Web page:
Design of new

Manufacture Products.


Principle of capable tolerancing

Before describing the mechanisms of capable tolerancing, let’s review some facts:

Measurement is a cost.

These measurements must therefore be checked at a minimum and enhanced by providing a probabilistic view of the quality of the expected performance of the functions and statistical control of the risks of non-conforming assembly.

Control can only be optimised by linking functional parameters to user requirements (URS-DIR-FMEA). This means considering the severity of the functions and propagating it to the functional parameters. This justifies why not all parameters are controlled to the same level of statistical mastery.

Who can free themselves from the use of industrial statistics in their design and manufacturing processes?

Productions that control 100% of their functional conditions and parameters can effectively be satisfied with a worst-case calculation fir the functional conditions and a control within the Tolerance Range (TR) for the parameters. Certain sectors of the aeronautics, space or nuclear industries produce according to this logic. These industries do not benefit from the advantages of using statistics, so they are looking for processes that are as precise as possible. You only need to know the cost of an aircraft, for example, to understand that parts are very expensive.

What is the purpose of the Tolerance Interval?

The probability of making two strictly identical parts is zero, whatever the process used, since this will be the main source of fluctuation in the component characteristics. So, in order to declare a part compliant or non-compliant, production needs limits. As soon as production is no longer controlled at 100%, but by sampling, the use of statistics is imperative. In this context, the aim of production is to prove that the process capability is stable and capable of producing the required specifications. The normative statistical indicators for the long term are PP and Ppk.

What really is a Tolerance Range?

So a TR is linked to its long-term capability, and is defined by


This means that:

± 0.1 with a Pp=2 is the same writing than ± 0.05 with a Pp=1

Because their standard deviations are the same


A statistical TR is therefore a couple (TR; Pp); A tolerance Range only makes sense if it is associated with its capability.

This couple enables the design office to calculate the statistical variation in functional conditions.

How ?
By the quadratic sum of the standard deviations (dispersion) associated with their confidence rate.
In the worst case we will have TRFC  = ∑ (|ki|×TRdimensions)

In statistics we have:

The centered nominal of the functional condition is obtained by the following equation:

In statistics we have:

These formulas are only applicable in the context of the normal distribution. Unfortunately, this distribution rarely applies to a Tolerance Range for a defining parameter of a manufactured product.

The aim of capable tolerancing is to take into account the fact that the observed short- and long-term average cannot be strictly equal to the Nominal centre of the dimension. This means that the excursion of the mean must be considered when calculating the target Pp.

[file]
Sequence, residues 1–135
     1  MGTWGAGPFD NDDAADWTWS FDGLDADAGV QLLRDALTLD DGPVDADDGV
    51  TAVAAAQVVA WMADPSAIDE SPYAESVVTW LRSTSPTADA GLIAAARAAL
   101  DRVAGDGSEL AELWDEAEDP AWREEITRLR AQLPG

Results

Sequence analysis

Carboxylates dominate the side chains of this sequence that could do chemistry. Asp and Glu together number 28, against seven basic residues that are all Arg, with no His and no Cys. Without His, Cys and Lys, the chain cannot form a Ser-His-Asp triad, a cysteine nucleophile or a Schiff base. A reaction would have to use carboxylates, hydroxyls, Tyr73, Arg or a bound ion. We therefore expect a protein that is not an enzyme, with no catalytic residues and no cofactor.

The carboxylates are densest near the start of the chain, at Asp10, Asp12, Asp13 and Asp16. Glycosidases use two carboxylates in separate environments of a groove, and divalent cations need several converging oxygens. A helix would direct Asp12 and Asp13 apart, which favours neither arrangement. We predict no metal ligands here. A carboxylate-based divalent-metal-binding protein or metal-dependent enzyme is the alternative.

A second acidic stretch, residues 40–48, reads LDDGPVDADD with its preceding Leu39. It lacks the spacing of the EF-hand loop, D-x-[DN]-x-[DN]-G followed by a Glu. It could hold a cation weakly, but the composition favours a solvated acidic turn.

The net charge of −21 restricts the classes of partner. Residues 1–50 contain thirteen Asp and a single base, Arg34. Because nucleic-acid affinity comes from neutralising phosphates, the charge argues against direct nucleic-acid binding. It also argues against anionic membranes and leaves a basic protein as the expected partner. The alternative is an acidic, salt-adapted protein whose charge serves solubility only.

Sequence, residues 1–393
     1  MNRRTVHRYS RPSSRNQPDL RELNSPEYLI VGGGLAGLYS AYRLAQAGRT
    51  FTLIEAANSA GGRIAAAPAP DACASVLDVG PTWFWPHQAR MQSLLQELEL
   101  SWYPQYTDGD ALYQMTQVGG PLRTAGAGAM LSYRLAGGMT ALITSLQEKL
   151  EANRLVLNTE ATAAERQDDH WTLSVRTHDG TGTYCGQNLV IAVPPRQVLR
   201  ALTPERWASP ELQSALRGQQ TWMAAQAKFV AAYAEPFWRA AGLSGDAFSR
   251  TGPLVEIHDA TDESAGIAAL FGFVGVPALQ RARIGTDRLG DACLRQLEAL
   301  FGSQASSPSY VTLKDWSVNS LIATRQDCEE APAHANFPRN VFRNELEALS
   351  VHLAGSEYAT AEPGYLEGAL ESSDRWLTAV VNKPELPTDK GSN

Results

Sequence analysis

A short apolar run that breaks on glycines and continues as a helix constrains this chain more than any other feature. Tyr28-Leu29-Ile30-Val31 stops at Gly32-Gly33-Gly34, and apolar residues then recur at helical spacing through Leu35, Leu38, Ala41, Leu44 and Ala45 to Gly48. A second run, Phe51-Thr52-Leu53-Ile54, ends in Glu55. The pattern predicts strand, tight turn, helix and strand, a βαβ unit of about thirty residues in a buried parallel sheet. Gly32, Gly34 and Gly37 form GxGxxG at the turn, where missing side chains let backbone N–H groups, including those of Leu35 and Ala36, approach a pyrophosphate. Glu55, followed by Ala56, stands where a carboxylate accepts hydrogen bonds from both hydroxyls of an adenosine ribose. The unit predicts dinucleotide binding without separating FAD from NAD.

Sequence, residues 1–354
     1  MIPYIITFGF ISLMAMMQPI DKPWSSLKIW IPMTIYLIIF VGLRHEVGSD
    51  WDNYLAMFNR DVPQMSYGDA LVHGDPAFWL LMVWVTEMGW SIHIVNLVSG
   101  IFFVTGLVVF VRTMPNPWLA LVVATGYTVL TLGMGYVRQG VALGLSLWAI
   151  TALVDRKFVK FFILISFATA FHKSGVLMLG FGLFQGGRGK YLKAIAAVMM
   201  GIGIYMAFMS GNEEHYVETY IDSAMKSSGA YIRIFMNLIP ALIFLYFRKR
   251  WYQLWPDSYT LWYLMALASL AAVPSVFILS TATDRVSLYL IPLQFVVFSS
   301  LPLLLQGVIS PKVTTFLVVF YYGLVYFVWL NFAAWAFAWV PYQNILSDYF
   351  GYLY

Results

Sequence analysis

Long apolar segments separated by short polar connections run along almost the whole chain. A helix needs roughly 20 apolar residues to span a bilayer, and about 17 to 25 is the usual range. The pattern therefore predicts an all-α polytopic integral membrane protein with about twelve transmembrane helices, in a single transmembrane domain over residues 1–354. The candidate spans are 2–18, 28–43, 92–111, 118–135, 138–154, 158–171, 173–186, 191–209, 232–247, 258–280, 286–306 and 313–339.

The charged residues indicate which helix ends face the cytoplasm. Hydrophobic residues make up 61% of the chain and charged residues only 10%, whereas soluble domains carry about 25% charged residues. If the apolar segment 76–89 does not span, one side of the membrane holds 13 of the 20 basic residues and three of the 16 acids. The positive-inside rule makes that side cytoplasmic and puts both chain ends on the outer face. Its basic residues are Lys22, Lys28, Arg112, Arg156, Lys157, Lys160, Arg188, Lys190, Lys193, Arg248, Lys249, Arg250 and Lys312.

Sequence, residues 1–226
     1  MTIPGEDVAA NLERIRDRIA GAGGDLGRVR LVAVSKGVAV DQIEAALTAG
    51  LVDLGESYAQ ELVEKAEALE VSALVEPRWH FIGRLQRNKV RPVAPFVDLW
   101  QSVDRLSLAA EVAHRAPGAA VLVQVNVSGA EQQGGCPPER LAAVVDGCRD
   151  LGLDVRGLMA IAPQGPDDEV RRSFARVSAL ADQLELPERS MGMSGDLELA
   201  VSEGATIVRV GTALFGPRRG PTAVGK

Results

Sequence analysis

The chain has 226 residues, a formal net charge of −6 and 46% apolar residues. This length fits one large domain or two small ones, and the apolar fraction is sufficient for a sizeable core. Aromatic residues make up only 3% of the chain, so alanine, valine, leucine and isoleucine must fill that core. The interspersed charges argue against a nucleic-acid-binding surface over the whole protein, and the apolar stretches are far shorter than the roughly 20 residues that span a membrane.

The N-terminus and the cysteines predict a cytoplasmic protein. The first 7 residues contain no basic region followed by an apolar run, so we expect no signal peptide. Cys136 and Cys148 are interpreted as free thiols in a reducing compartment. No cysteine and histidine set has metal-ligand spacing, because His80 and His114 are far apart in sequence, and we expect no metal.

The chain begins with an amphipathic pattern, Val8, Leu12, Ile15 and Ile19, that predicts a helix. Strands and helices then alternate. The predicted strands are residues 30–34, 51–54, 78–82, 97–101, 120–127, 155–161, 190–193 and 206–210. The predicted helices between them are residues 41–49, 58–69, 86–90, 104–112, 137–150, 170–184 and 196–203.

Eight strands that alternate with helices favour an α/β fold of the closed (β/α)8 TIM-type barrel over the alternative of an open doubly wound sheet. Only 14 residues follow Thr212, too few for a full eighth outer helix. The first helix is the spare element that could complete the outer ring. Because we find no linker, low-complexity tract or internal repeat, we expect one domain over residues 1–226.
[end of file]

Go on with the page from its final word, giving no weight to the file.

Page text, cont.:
Short term centering is defined by the :

Short term centering is defined by the :

Calculating the statistical dispersion of an assembly requires the use of a complex statistical solver such as the Design Control Power software.

Let’s sum up:

  • A TR must be associated to its capability
  • The definition of a TR by the design office is not gaussian
  • A software tool is needed to perform these calculations, as shown in the example where the ITs come from different processes and therefore have different statistical laws.

Be careful, asking for very precise centering to try and stay in a Gaussian position for assembly calculations has a major impact on tooling costs.

A TR is above all determined by the intrinsic dispersion of the process used and not by the designer’s imagination.

The use of statistical calculation in the predictive determination of the dispersion of functional targets enables significant gains on the cost and lead time of your products, as reasoning worst case and controlling at 100% generates prohibitive costs.

Implementing a Capable Tolerancing strategy, as we have seen in previous articles, enables you to know as early as possible the targets of the centered nominal values, thus reducing the risk of tooling modifications, especially in the case of multi-cavity tooling, a guaranteed saving of time and money.

The techniques we have developed are a logical extension of the HCPP standard. This means that observing process capability is essential for determining nominal values and controlling the Design Space (guaranteed functional areas of the product).

To implement a Capable Tolerancing policy in your company, you need to determine the expected values of the indicators and guarantee their consistency in the long and short term. We suggest that you work with us in this process to guarantee control of your costs, your lead times and, of course, your quality.

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